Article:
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I am working in the kernel and I am trying to make a system call that takes a partition as input (i.e. /dev/sda1) and then prints every file on the filesystem using printk(). I enter a partition (i.e. /dev/sda1) and I put a printk() inside this system call to print.

First, I tried to do this with a process, because if I am right each process is represented by a task_struct and I tried to access the files with the files_struct. But the problem is that I only have the file descriptors of the opened files and not all the files.

So, what I want to do is that I pass the name of the partition and I printk() the names of all the files.

For example:

I enter the path /dev/sda1 as an argument and let's suppose I have the file a.txt and b.txt inside this partition , so the system call should print a.txt and b.txt.

The signature will be like this:

asmlinkage long sys_acall(char *partition_name);
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Do you mean all files recursively? Or just the files and folders in the root of that partition? – Kevin Dec 22 '11 at 20:51
Partitions don't contain files, filesystems do. You're going to need to traverse the filesystem recursively, exactly like find and other commands. For that matter... why can't you just use find? – Chris Dec 22 '11 at 20:52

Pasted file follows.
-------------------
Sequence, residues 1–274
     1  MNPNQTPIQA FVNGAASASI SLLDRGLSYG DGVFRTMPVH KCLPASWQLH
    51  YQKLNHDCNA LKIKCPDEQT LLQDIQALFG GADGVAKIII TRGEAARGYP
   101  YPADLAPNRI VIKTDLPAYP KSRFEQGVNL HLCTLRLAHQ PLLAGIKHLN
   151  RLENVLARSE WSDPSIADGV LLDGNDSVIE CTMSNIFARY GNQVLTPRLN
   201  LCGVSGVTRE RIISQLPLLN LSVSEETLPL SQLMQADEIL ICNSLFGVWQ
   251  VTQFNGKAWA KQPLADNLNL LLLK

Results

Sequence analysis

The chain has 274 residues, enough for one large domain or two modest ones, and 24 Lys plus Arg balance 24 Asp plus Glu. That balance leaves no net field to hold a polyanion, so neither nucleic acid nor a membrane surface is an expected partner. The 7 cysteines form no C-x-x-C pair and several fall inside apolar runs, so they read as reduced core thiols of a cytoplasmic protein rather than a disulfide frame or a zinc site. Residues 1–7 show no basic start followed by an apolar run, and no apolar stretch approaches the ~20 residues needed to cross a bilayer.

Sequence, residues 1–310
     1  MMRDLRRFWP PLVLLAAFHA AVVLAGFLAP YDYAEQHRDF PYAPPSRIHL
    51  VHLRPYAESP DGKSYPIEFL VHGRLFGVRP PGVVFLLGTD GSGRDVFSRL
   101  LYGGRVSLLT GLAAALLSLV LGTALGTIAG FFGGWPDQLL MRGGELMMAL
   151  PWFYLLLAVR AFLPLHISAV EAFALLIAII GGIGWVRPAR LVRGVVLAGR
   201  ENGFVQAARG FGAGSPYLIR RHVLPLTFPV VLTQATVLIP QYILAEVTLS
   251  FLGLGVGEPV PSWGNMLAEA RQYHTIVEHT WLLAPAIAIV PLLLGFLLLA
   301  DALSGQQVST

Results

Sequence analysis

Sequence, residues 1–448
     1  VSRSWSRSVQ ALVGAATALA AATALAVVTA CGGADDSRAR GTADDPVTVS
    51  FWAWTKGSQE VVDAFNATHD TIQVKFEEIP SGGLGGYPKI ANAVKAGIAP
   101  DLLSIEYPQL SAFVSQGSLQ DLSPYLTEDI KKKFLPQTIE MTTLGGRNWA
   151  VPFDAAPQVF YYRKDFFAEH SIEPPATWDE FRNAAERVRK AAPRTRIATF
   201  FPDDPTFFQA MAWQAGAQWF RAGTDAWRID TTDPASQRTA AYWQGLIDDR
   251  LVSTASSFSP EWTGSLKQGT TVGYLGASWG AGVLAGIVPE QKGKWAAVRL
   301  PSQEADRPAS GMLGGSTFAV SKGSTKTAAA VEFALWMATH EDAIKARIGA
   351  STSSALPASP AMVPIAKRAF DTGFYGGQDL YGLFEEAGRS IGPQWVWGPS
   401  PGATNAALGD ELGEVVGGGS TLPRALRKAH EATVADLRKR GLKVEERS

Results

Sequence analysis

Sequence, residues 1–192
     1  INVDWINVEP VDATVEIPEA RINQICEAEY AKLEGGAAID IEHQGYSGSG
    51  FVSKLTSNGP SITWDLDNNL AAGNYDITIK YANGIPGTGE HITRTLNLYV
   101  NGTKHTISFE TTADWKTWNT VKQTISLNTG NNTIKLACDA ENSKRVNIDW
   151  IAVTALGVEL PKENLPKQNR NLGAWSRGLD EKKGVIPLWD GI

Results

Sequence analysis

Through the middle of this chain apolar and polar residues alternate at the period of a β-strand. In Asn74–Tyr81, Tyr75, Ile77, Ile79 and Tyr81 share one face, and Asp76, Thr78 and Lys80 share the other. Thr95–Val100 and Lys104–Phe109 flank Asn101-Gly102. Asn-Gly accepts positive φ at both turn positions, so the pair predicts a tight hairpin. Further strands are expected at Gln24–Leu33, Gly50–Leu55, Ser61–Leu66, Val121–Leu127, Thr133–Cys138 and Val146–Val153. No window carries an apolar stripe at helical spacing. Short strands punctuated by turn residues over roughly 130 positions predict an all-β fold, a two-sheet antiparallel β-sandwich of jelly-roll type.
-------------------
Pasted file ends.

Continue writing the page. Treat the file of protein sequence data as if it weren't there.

@Kevin Yes,I would like to this recursively. – UserJ Dec 22 '11 at 20:56
Then I'm pretty sure you'll have to implement it yourself, especially working at the kernel level. – Kevin Dec 22 '11 at 20:57
Is this for the development of your own filesystem … ? Perhaps rather than creating a new syscall, you might consider hooking into an ioctl, in that case? – BRPocock Dec 22 '11 at 20:58

There is a few things that needs to be discussed.

  • The partition_name parameter of your syscall should have the __user tag.

  • If you want to, strictly speaking, read files from a partition you will have to implement filesystem recognition (is that partition ext3, reiserfs, ntfs, ...?) and then implement the driver for that kind of filesystem. As Christ pointed out, partitions doesn't contain files but filesystems does. Another option is use the drivers already implemented for the filesystem on that partition. This option is just horrible.

  • If you want to read files from a filesystem your work gets easier, you can use the VFS interface to access it, but you will need that filesystem to be mounted (you can do it on-the-fly though).

My final opinion, I would change "implement a system call that prints every file in a partition" for "implement a system call that prints every file in a directory". The signature for that system call would be:

asmlinkage long sys_crazyness(__user const char *dir);

We don't care if the directory passed is the root of a filesystem or just a folder in any depth-level of a filesystem.

If you can change your problem to this one it would be much easier ;)

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